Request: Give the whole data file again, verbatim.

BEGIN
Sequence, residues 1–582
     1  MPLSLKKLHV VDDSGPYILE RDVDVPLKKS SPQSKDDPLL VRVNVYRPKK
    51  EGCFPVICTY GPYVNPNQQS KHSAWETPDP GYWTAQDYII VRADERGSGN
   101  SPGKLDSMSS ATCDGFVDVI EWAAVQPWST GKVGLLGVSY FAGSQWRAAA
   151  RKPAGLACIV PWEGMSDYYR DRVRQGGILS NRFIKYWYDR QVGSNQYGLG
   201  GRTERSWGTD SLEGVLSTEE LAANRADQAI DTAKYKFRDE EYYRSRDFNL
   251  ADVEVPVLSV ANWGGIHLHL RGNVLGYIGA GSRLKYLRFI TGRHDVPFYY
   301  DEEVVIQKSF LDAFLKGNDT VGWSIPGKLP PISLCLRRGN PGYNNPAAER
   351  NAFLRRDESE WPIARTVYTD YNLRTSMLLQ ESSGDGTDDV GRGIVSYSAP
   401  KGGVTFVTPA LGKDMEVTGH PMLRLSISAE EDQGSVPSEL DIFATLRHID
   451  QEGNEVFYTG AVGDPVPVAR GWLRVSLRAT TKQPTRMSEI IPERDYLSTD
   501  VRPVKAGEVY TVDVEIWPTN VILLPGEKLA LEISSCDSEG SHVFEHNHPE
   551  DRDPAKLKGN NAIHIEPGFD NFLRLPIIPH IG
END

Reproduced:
Sequence, residues 1–582
     1  MPLSLKKLHV VDDSGPYILE RDVDVPLKKS SPQSKDDPLL VRVNVYRPKK
    51  EGCFPVICTY GPYVNPNQQS KHSAWETPDP GYWTAQDYII VRADERGSGN
   101  SPGKLDSMSS ATCDGFVDVI EWAAVQPWST GKVGLLGVSY FAGSQWRAAA
   151  RKPAGLACIV PWEGMSDYYR DRVRQGGILS NRFIKYWYDR QVGSNQYGLG
   201  GRTERSWGTD SLEGVLSTEE LAANRADQAI DTAKYKFRDE EYYRSRDFNL
   251  ADVEVPVLSV ANWGGIHLHL RGNVLGYIGA GSRLKYLRFI TGRHDVPFYY
   301  DEEVVIQKSF LDAFLKGNDT VGWSIPGKLP PISLCLRRGN PGYNNPAAER
   351  NAFLRRDESE WPIARTVYTD YNLRTSMLLQ ESSGDGTDDV GRGIVSYSAP
   401  KGGVTFVTPA LGKDMEVTGH PMLRLSISAE EDQGSVPSEL DIFATLRHID
   451  QEGNEVFYTG AVGDPVPVAR GWLRVSLRAT TKQPTRMSEI IPERDYLSTD
   501  VRPVKAGEVY TVDVEIWPTN VILLPGEKLA LEISSCDSEG SHVFEHNHPE
   551  DRDPAKLKGN NAIHIEPGFD NFLRLPIIPH IG